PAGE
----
kossettasjan242015That image has come back to me over and over again in the week since Olive went home. Those of you who know me may perceive me to be a strong-willed and independent woman, but I always recognize, and remember, the tendency that I have to take what people are willing to give me rather than to recognize what I need, that I want more, and that I do have the power to take the initiative, to get up and go fetch my own fork, or spoon, and be an equal part in the experience.
    Two books that were recently recommended to me are The Year of Yes, by Shonda Rhimes, and The Art of Asking, by Amanda Palmer. I think it’s time to check those out. Don’t you love it when the universe, or God or Spirit or the Inner Knowing gives us the same message, over and over again, using different messengers and metaphors, until we finally get it?

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This photo suits my mood this morning.  It’s been a long time since I’ve posted.  And the reason?  That addiction/condition called perfectionism.  Couldn’t post if I didn’t have time to do it “right” or if I wasn’t in the correct mood or if I didn’t have time to write each word with precision.  Yet whose judgement is it that I crave?  And what happens if I continue to get in the way and keep spirit and soul from permeating the “work”?

And I do just that.

So here I am.  Again.  And with me come these two magnificent pictures of clouds, just as they are.  And all is well.

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Graceful VinesWhen I was a little girl, I saw God as a big white man with a flowing beard, like Moses. But, as I got older, that image didn’t work for me anymore. For awhile I tried to just not think about it, as the subject made me uncomfortable. But part of me yearned for an image that reflected God to me. Since my religious heritage is Christian, I could attach the tradtional image of Jesus as that of the visible face of God. But, to me, the physical face of Jesus seemed to be only a partial view of God, only one of God’s faces.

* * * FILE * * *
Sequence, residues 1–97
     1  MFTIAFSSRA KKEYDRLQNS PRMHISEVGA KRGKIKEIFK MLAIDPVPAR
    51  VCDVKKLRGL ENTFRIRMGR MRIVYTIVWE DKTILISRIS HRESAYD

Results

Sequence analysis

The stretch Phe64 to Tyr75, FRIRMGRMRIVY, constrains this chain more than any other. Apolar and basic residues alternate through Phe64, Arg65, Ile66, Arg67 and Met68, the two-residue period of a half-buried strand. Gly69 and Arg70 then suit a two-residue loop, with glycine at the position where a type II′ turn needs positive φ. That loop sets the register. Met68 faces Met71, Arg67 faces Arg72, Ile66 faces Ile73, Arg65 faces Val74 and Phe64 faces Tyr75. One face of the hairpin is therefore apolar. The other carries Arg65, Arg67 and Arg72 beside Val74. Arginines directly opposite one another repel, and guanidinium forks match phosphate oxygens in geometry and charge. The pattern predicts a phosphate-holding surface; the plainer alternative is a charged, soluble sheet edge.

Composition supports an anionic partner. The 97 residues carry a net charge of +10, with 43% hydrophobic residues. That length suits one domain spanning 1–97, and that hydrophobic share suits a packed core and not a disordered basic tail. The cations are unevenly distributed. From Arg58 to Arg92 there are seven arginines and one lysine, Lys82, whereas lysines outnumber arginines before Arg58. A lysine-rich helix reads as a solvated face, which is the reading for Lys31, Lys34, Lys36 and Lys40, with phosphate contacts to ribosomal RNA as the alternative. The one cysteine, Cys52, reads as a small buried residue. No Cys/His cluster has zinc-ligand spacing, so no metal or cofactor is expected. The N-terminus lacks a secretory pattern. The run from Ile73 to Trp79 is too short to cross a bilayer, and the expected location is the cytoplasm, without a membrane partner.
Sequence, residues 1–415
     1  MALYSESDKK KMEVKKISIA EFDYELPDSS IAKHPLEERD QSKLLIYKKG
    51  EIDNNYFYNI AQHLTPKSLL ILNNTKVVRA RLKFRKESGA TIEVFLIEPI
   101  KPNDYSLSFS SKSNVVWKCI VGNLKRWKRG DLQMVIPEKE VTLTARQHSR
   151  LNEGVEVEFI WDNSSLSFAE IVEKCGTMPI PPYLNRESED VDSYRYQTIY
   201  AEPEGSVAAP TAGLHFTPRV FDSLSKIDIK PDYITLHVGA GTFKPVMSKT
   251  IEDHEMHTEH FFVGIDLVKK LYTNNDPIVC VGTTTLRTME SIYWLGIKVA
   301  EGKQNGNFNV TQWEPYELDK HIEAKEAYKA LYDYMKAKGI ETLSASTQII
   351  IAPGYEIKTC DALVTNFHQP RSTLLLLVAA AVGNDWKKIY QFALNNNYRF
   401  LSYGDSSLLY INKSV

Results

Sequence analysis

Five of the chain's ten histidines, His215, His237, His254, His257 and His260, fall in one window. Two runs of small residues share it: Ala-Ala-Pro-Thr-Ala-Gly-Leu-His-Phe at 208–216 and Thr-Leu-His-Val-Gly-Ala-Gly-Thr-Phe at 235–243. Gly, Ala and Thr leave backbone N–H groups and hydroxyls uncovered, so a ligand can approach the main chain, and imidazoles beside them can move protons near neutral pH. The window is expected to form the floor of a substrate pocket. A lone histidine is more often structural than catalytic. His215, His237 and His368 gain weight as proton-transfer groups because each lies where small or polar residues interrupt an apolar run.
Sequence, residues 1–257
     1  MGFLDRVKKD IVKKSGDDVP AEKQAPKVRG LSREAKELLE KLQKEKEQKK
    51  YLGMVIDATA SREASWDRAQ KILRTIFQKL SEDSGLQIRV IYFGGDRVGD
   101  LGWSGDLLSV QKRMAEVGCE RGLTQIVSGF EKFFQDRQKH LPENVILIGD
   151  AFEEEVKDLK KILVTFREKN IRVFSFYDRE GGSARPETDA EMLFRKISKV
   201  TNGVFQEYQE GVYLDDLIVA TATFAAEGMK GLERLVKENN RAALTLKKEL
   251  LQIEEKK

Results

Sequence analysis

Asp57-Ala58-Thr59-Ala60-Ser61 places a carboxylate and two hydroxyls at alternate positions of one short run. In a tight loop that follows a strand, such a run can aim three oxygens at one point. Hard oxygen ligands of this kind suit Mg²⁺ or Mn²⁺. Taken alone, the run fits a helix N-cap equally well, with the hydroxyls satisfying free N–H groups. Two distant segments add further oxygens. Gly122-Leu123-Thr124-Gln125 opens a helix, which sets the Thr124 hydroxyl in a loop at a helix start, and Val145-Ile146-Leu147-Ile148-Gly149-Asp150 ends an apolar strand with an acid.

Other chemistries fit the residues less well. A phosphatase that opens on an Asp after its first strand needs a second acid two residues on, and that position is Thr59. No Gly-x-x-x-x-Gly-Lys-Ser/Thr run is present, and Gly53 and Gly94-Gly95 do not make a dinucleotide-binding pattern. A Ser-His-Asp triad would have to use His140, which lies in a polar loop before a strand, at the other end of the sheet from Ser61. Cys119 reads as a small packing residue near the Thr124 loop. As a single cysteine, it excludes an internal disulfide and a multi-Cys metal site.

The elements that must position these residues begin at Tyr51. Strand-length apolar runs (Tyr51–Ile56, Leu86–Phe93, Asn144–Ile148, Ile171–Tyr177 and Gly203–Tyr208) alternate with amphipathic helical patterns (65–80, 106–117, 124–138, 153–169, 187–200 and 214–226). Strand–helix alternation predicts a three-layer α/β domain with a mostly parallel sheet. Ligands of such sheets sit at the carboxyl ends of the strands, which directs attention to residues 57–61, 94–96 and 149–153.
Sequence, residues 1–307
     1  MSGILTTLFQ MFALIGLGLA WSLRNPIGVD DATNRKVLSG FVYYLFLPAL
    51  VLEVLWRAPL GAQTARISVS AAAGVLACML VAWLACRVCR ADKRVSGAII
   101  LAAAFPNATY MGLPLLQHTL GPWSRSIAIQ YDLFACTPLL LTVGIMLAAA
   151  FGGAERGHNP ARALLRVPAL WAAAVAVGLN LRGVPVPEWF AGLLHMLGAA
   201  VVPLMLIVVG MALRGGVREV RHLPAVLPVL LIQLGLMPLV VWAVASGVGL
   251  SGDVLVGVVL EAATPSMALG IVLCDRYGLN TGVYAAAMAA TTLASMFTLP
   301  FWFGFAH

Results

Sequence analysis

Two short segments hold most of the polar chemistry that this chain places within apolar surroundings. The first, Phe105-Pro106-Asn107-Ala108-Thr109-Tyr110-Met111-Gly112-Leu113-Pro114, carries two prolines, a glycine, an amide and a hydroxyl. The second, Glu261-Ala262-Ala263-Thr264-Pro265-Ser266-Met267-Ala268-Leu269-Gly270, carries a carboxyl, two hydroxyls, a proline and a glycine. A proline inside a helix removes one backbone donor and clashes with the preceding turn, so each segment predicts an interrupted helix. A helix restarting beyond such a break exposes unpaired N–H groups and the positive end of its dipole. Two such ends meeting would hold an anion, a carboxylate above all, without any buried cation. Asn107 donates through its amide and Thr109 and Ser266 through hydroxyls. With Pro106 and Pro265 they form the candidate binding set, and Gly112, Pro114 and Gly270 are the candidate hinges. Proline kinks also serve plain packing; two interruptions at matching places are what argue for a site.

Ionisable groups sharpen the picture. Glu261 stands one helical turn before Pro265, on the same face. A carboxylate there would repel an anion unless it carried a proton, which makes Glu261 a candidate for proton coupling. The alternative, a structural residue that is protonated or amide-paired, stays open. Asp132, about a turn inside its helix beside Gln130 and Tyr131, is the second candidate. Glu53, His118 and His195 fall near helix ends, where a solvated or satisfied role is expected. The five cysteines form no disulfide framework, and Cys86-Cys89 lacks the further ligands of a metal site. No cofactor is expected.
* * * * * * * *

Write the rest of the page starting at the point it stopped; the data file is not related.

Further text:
I’ve always delighted in seeing faces in the things around me, like in clouds and in the grain of wood and hiding in the crevices of stones. I realize that’s probably because I, as a human being, am trying to see my own species reflected in everything I see. But it surely is fun. On the other hand, if God is an unanswerable question, an infinite mystery, the source of all being, then it must also be true that the creative force, the essence, or face, of God, can show up in unexpected places and be incorporated into everything that is. Perhaps, if we look closely, with the spiritual eyes of knowing, we’ll “see” God in everything around us, including me, and you.

With that premise, I’ve been collecting pictures of the face of God. Sounds strange, doesn’t it? But these pictures illicit in me a reverence and awe that reflects my view of the majesty and mystery of God. This first offering is titled Graceful Vines. Or grace-full vines.